Overall, 124 infants initiated treatment before 3 months of age (early treatment group), and 86 did not (deferred treatment group). Baseline maternal, infant characteristics and duration of follow-up were very similar in these two groups (Table 1). A total of 24 infants developed AIDS (n = 21) or died (n = 3). The risk of AIDS/death strongly varied according to cohort (P < 0.001), the highest risk being observed in the UK/Ireland cohort (Table 2). Differences remained significant when restricting the analysis to the end of the study period (2000-2004).
None of the baseline maternal, obstetrical, and infant characteristics in Table 2 was significantly associated with the occurrence of AIDS/death.
Among the 124 infants treated early, four developed AIDS (three encephalopathies diagnosed at 7, 8, and 13 months of age; one wasting syndrome identified at 82 months) and two died (at 17 and 45 months, respectively). Among the 86 infants from the deferred treatment group, 58 started ART within the first year of life. This included six children who started therapy because of the occurrence of an AIDS-defining event [three encephalopathies, one Pneumocystis jiroveci pneumonia (PCP), one cytomegalovirus (CMV) infection, one serious recurrent bacterial infection], and 52 children who started therapy in the absence of AIDS. Among the latter, six developed AIDS several weeks or months after treatment start (three encephalopathies, two CMV infections, and one serious recurrent bacterial infection) and one died without treatment. Among the 28 children who were untreated at 1 year of age, six AIDS events were reported.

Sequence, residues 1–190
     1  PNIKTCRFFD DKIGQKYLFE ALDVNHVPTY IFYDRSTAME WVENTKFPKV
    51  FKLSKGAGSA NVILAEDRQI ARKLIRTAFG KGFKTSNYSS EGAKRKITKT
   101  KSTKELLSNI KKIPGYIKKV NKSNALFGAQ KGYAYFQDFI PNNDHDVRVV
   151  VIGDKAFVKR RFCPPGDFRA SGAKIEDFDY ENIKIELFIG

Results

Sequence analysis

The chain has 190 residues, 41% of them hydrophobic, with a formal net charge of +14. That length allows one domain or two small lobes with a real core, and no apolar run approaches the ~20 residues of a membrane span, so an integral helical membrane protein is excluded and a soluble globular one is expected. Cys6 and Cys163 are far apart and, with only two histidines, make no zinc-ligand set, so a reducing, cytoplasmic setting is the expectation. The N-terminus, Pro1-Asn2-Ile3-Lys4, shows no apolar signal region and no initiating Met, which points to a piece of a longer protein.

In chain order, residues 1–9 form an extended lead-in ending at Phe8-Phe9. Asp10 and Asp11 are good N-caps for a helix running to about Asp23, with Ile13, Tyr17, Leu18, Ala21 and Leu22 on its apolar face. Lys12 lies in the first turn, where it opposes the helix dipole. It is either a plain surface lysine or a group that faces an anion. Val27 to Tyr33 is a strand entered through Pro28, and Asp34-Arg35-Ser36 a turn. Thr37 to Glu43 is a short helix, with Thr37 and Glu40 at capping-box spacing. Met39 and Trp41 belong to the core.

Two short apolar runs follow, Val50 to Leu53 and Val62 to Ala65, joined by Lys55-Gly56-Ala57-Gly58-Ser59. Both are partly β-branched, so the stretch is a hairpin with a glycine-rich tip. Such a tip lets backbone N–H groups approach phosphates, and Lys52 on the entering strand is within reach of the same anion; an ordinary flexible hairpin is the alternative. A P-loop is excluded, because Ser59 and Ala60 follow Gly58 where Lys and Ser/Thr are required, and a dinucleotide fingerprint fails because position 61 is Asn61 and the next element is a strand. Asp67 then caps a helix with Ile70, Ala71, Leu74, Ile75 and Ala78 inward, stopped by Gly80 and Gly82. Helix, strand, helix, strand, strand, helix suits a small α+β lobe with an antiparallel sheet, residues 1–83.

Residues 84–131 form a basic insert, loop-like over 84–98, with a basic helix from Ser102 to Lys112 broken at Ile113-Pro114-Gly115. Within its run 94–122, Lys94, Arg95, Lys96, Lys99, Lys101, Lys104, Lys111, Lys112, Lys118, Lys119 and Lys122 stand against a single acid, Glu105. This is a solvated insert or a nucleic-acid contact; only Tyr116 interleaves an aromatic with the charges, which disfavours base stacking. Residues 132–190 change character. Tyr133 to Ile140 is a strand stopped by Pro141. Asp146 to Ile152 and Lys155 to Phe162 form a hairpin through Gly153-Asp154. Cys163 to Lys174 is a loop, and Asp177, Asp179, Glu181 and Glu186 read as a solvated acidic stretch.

The Kaplan-Meier cumulative probability risk of AIDS or death was considerably higher in infants with deferred treatment compared with those initiating ART early: 11.7 vs.1.6% at 1 year, and 21.5 vs. 4.6% at 5 years (P < 0.001) (Fig.. 1). The crude hazard ratio of AIDS/death associated with deferred compared with early ART was 5.0 [95% confidence interval (CI) 2.0-12.6; P = 0.001] (Table 2). This association remained highly significant and of the same magnitude after adjusting separately for each possible confounder (year of birth, sex, maternal origin, ART during pregnancy, ART during delivery, mode of delivery, gestational age <37 weeks, birth weight <2500 g, CD4 cell percentage <25%, number of drugs in postnatal prophylaxis, PCP prophylaxis, and number of drugs in the first ART). Only adjustment for cohort had an impact on the estimated value of hazard ratio, which decreased to 3.0 (95% CI 1.2-7.9; P = 0.021). In a sensitivity analysis restricted to children who started HAART (including triple NRTI or two NRTI + nevirapine) as first antiretroviral therapy, the association was even stronger (hazard ratio 7.9; 95% CI 2.3-27.6; P < 0.001).
The prognosis of HIV-infected children has improved considerably since the introduction of HAART, with a rate of progression to AIDS/death in infancy and early childhood decreasing significantly after 1996 [14,16,17]. However, criteria for initiation of HAART in HIV-infected infants have varied over time and between countries and clinical centers. In previous US and European guidelines [18-20], indications to start treatment have been based on level of CD4% or viral load, according to analysis of the risk of AIDS in untreated infected children from the large longitudinal HIV Paediatric Prognostic Markers Collaborative Study (HPPMCS) . However, these biological markers are poor predictors of rapid disease progression in infancy. Although there was a consensus on the need to treat infants who present clinical symptoms of disease progression or with very low CD4, at the time when the study patients were born early initiation of HAART in asymptomatic infants was still controversial [18-20,22].